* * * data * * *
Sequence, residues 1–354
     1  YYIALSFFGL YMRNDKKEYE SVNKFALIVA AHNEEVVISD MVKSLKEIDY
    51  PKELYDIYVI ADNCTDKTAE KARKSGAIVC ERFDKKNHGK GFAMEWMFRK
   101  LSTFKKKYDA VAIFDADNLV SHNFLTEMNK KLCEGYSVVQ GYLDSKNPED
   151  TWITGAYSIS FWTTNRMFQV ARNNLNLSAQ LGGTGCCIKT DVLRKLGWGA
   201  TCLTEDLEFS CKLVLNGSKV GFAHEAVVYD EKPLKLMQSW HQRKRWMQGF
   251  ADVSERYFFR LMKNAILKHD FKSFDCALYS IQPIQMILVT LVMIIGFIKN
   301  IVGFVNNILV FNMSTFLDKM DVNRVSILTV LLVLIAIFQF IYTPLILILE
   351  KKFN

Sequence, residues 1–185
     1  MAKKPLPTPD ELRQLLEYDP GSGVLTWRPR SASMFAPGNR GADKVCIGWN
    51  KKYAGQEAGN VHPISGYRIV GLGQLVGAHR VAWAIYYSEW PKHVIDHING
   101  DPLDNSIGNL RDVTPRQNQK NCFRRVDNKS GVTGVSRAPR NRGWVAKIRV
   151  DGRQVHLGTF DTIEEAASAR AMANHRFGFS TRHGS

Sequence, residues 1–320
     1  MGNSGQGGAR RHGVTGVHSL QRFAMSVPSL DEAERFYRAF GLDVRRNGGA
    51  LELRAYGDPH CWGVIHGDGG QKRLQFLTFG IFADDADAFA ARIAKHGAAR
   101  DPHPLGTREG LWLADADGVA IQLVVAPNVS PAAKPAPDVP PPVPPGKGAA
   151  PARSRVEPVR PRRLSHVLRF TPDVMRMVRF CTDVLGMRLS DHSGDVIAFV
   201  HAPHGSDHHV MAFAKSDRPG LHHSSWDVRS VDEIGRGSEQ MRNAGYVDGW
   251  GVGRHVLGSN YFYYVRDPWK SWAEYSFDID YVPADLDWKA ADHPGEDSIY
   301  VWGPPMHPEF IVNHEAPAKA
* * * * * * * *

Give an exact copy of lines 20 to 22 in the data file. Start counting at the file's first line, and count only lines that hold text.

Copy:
   201  HAPHGSDHHV MAFAKSDRPG LHHSSWDVRS VDEIGRGSEQ MRNAGYVDGW
   251  GVGRHVLGSN YFYYVRDPWK SWAEYSFDID YVPADLDWKA ADHPGEDSIY
   301  VWGPPMHPEF IVNHEAPAKA